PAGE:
This compensation model is the most advantageous to a brand because you’re paying for a digital good that you can repurpose across your marketing and advertising strategies. Should the performance of the post or mention not pan out, then you can fall back on collecting user-generated content like images or videos of your influencer using your product. You can then take those images and use them on your website design, email marketing, ppc, and/or social advertising campaigns.

Given the state of Influencer Marketing, it’s unlikely that you’re going to get away with a pure Performance model, so might as well go ahead and get the full rights to the image or video that the influencer is creating to market to their audience. 

For this compensation model to work, you’ll need performance tracking software and a contract that explicitly states you will own the full rights to the video or image used in the post as well as that you will need a raw, original file of that asset. 

The Influencers you use for this type of compensation model do not have to be professional videographers or photographers. In fact, we find that the top-performing assets in 2020 are lower quality user-generated content made on iPhones.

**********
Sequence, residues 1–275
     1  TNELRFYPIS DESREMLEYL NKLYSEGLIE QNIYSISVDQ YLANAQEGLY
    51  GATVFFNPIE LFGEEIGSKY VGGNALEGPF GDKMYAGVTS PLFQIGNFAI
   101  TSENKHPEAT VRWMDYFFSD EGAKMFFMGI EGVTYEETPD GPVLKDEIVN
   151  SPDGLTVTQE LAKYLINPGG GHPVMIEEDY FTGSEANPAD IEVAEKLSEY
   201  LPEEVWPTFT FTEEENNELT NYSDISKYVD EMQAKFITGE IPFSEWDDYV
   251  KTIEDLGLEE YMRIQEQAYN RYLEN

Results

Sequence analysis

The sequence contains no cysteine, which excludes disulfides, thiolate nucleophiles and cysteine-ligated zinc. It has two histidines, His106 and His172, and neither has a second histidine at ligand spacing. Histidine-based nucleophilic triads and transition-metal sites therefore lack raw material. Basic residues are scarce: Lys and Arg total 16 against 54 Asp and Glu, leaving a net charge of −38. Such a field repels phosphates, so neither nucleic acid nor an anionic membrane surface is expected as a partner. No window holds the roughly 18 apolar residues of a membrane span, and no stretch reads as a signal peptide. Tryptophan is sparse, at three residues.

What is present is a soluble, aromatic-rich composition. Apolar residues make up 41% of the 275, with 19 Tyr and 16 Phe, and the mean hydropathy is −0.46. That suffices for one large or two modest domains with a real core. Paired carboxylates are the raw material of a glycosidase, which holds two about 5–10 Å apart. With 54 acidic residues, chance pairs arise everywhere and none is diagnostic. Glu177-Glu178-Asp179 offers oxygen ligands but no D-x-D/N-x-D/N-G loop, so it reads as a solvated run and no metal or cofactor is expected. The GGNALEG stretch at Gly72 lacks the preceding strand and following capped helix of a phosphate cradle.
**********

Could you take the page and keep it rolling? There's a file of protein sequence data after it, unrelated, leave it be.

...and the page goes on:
Interested in Influencer Marketing but don’t have the bandwidth or team to execute a strategy yourself. Talk to Tuff about Influencer Marketing. 

Typing on slack.

How We Set Up the Right Lines of Communication with Clients

Typing on slack.

Here at Tuff, we put a lot of time and energy into creating partnerships rooted in transparency and authenticity. The more informed, honest, and clear conversations we can have, the better work we will all do. 

Kicking off a new partnership comes with getting really clear on ‘where’ we’ll work. We’ve been a remote team since Day 1 and this helps us be really thoughtful about ways we communicate with our clients. Aside from setting the growth strategy for each company, choosing the tools, and executing tactics, we’ve got to be master communicators. 

That’s why, when we work together, we make sure it’s easy and clear where and how to communicate. 

Channels we often use with clients to streamline communication include:

  • Weekly Growth Marketing Meetings 
  • Shared Google Drive 
  • Slack Integration 

Tuff client communication map.

Weekly Growth Marketing Meetings

Weekly growth marketing meetings give us a chance to come together on Zoom and align on the most important marketing priorities. 

In these 30-minute sessions, we recap what was done the previous week, review corresponding metrics, and align on what we want to get done the following week as a team.